And shall we wonder when He in whom are gathered up the glory and beauty of all virtues, graces, and exalted benignities, stoops to taste the cup which our sins had prepared! It is the crowning act of his life of submission, on which he is now entering. In a certain sense, the whole period, from his birth until his resurrection, was one series of humiliation, one subjection to covenant, one tribute of obedience, one satisfaction to law, and one Righteousness. In the same sense, this whole period was one submission of will; because there is no obedience but of will. But, nevertheless, this permanent obedience of our Mediator for our sakes does at certain epochs reach a point of overflowing, which reveals the same more fully to us; as in the garden, the arrest, the trial, and the cross. Infinite are the mysteries of that holy suffering and submission, which were passing within the darkened chamber of Christ's soul, and which no finite mind can ever comprehend! Not more private and inaccessible was the Sanctum Sanctorum, than this Holy of Holies of our Atoning God and Elder Brother. The little that we know is, that he suffers and submits. This is enough. This is the bowing down of the will, the federal, vicarious, mediatory will, to the law which we had injured; to the law in its twofold power, as commanding and as smiting.
It is the will, the stubborn, impious will, which in us fights against God, and by all human power is unconquerable. It is the will which sins, which rejects salvation, and that damns the soul. It is the will, the God-defying will, which now, this day, in some who read, deliberately sets itself against the Most High God. It is the will which Jesus Christ, amidst an ocean of contending griefs, offers up, steeped in death and humbling, pure and unresisting, unto God for us. And though he made this offering a thousand and a thousand times during the course of his mediatory tabernacling among us, and though there was no instant in which he made it not; yet at certain moments he did more formally and observably consummate this surrender of self; and this is one of them.
It is the most complete, as it is the most stupendous, sacrifice unto God which the universe has beheld. In all its parts, it forms the theme of eternal thought and songs. "Not my will—but yours be done." In a certain sense it might have been avoided; for God the Father is omnipotent; but not in any sense which would not have left us in hell. In regard to the manner of help, it might have been avoided. "Do you think that I cannot now pray to my Father, and he shall presently give me more than twelve legions of angels?" Matt. 26:53. "Put up your sword into the sheath; the cup which my Father has given me, shall I not drink it?" John 18:11. It might have been avoided, in respect to power—but not in respect to love.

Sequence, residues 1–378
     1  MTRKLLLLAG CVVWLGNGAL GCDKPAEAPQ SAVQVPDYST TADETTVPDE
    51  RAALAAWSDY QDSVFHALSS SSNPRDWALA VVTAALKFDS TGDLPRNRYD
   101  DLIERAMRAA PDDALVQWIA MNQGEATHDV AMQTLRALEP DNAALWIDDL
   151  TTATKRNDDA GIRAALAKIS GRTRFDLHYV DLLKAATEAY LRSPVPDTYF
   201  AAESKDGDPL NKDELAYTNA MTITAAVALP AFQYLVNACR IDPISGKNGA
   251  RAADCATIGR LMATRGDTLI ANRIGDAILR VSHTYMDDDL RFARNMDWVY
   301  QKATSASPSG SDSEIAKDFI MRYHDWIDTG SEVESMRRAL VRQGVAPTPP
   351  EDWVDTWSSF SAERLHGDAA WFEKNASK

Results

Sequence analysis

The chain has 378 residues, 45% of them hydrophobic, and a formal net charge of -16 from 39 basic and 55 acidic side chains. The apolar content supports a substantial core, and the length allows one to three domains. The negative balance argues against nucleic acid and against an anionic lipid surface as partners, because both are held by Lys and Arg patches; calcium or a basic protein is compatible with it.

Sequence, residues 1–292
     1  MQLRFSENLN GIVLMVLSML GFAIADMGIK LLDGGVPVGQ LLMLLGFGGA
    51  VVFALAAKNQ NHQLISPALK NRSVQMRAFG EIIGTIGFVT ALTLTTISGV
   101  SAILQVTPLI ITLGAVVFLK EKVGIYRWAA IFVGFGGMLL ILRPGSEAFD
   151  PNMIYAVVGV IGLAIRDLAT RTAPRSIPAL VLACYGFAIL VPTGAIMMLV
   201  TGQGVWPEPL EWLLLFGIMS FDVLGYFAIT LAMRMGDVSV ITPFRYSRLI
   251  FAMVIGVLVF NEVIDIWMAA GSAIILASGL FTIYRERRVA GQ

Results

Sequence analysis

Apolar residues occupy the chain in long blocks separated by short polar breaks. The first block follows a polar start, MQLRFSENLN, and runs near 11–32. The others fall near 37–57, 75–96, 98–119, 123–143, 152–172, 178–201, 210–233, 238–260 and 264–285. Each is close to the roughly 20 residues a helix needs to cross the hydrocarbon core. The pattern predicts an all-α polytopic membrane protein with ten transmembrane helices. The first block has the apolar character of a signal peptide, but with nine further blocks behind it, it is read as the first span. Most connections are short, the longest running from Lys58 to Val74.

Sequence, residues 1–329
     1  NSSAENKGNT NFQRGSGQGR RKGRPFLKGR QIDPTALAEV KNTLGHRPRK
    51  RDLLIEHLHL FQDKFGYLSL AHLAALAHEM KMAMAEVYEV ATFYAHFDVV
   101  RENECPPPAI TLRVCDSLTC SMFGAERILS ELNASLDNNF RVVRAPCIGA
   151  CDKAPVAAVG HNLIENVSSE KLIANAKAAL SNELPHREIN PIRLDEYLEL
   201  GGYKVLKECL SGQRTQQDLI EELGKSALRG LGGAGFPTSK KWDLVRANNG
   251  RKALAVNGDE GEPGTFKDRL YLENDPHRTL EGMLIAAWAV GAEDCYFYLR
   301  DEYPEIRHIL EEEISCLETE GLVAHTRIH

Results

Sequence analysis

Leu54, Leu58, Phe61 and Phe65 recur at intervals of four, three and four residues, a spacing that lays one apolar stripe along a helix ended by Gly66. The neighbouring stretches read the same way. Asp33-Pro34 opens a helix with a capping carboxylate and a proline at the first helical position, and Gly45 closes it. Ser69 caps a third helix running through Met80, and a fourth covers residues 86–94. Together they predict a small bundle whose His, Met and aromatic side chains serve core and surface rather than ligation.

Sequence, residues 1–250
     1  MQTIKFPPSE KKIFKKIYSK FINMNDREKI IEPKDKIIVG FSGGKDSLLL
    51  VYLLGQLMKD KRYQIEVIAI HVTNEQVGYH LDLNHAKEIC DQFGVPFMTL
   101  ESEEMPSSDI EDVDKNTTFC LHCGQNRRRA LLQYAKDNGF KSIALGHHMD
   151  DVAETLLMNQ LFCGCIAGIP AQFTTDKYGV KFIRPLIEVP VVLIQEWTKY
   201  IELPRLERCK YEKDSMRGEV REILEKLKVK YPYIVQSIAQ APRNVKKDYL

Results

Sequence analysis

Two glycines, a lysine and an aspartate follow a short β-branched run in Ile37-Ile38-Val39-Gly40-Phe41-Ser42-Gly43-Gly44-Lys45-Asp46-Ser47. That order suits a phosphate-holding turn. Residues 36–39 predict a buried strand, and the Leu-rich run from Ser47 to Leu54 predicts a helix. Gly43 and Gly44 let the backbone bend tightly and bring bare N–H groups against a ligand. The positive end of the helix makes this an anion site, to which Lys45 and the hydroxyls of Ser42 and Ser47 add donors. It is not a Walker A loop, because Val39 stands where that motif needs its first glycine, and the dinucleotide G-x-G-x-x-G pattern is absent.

"Abba, Father, all things are possible unto you—take away this cup from me; nevertheless, not what I will—but what you will!" What YOU will! Here is the supreme and infinite and eternal will which binds the universe. What YOU will! Here is the divine will which, if unopposed, would have kept an eternal universe in happiness—but which was violated by sin. Here is the will, which all nature obeys—but which devils and men have outraged and defied. Here is the will which is dear to all holy intelligences, and infinitely dear to the Son of God, the holiest of intelligences; to this will, therefore, he submits himself at once and irrevocably, though it costs him the greatest sacrifice which has been known in all worlds. This obedience, even unto death, is the ATONEMENT. It is a satisfaction of infinite value made to the will of Jehovah, that is, to Justice. It is an oblation both of doing and of suffering. It fills the cup of duty; it exhausts the cup of penalty. It meekly says to Almighty Justice, "Your will be done." It does this, not in some remote planet, or distant circle of heaven; though in such regions there are perpetual tributes to the Infinite Will. Such would have been pleasing to God—but would have availed nothing to our earth. Here, on this accursed orb, the satisfaction was rendered. It is not a submission of will, by some super angelic being unrelated to ourselves, nor a declaration solely of God's hatred against sin—it is an offering up of an immaculate, law-fulfilling, covenanted obedience of act and suffering, in our human nature, by one who is chosen as the head of our human nature; who assumed our human nature for this very end, and who in every deed, groan, tear, pang, and drop of blood, acts in and for our human nature; so that for all purposes of atonement, we then and there obey and suffer in Christ, as truly as in Eden we disobeyed and suffered in Adam.